WASHINGTON - D.C. Attorney General Karl Racine said Friday, during an American University Law Review discussion on Race and the Juvenile Justice System, that he wants restorative justice to become "the default way of dealing with juveniles" – even for some of the most serious crimes, like murder.
Mayor Muriel Bowser and D.C. Police Chief Robert Contee have argued that police are making the arrests but violent juvenile offenders, especially in carjacking crimes, are not being held accountable.
Mayor Bowser said on Wednesday, "… Not every young person, should be in a diversion program."
The Office of the Attorney General repleted in a recent email to FOX 5. "As a rule—and with almost no exceptions—OAG does not offer diversion for crimes of violence, including carjacking," the email stated.
The OAG spokesperson also provided FOX 5 with the following information on juvenile carjackings prosecutions last year:
· Zero juvenile carjacking cases were diverted in 2021.
· In 2021, OAG papered (meaning filed charges in) 101 juvenile carjacking cases. Note: These cases do not exactly map to MPD’s 2021 carjacking arrest data; some of the cases OAG papered in 2021 may have occurred in 2020.
· Of the 101 carjacking cases OAG papered in 2021, 78 young people were held responsible for a crime (this is the juvenile justice system’s equivalent of being convicted).
· The remaining 24 cases are a mix of those that are still pre-trial and those that were dismissed (likely for lack of evidence).
· The juvenile justice system works differently from the adult system. In the juvenile justice system, judges can choose to place an adjudicated delinquent youth on probation or "commit" the youth to DYRS. The judge can commit the youth to DYRS custody/supervision for any period of time up to the youth’s 21st birthday. Whether the youth is placed in secure detention is, under the law, left to DYRS to determine. (The judge does not have the authority to sentence the youth to a period of incarceration, that is a choice made by DYRS.)
The Mayor’s office argued on Friday that while the OAG is not offering diversion programs for youth offenders committing violent crimes, they are offering a restorative justice program that the Mayor’s team claims is essentially a "post-adjudication diversion program."
It was explained to FOX 5 there is still prosecution even if the juvenile is entered into the AG's Restorative Justice Program.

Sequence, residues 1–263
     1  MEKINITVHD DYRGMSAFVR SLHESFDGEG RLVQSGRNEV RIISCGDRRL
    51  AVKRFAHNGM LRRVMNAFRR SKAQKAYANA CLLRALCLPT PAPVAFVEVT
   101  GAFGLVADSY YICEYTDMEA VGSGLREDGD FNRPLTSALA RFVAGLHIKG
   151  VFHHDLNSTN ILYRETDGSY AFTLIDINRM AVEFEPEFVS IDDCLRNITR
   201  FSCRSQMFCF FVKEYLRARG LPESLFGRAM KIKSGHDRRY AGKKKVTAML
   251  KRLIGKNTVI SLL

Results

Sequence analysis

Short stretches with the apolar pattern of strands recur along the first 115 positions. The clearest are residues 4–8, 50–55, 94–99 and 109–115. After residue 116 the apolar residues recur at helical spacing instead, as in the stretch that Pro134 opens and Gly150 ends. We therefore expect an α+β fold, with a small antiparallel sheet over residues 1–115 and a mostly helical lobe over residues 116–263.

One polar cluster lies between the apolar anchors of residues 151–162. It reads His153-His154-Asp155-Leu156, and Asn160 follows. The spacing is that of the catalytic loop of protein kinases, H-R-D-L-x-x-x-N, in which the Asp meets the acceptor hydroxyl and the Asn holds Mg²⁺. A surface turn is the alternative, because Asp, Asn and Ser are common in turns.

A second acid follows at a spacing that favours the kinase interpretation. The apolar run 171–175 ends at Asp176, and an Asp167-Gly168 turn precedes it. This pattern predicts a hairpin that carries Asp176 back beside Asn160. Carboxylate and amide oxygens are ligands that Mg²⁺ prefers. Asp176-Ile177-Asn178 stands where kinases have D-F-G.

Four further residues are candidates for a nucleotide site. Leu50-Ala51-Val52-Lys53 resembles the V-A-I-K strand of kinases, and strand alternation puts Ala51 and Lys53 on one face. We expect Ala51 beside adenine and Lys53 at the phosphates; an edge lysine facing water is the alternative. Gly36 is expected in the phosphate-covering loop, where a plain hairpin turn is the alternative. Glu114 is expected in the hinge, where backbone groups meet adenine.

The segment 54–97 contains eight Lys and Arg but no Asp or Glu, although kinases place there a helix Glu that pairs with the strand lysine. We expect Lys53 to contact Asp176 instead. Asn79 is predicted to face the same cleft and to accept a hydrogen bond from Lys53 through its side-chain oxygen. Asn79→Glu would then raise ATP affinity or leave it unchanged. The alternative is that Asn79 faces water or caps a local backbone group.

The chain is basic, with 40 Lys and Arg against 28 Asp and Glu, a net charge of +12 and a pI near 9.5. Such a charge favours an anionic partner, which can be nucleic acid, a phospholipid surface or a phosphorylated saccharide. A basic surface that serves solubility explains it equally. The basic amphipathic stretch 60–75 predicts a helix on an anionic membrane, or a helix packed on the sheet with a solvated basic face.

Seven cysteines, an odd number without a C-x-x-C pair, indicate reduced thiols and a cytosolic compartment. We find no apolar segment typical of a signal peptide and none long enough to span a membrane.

The Mayor’s Office also claimed more youth offenders of armed robbery are going to the OAG’s restorative justice program, over DYRS and court monitoring.
An official in the Mayor’s office clarified there is no exact "carjacking" charge for juvenile offenders and explained many of these cases fall under juvenile armed robbery charges.
In 2021, the Mayor’s Office told FOX 5, the District had a total of 283 juvenile armed robbery cases prosecuted with these sentencing results:
· Alternative disposition (deferred agreement)- 119 [OAG restorative justice program]
· Dismissed- 55
· Committed- 46 [to DYRS]
· Probation- 63 [under supervision of DC Superior Court Family Court Social Services Division [FCSSD]]
The OAG’s office could not confirm these figures. Nor could the Mayor’s Office confirm the OAG’s figures.
FOX 5 requested both offices provide information on which juveniles convicted in carjacking-related cases last year re-offended.
We also requested more information on what programs those juveniles recommitting violent offenses were assigned to before recidivism occurred.
The Attorney General noted in his panel discussion that restorative justice is only offered if the victim wants it. The AG’s office told FOX 5 in 2021, their office only had two carjacking cases and three armed robbery cases that went through the Attorney General's restorative justice program.
This is a developing story. Check back with FOX 5 for updates.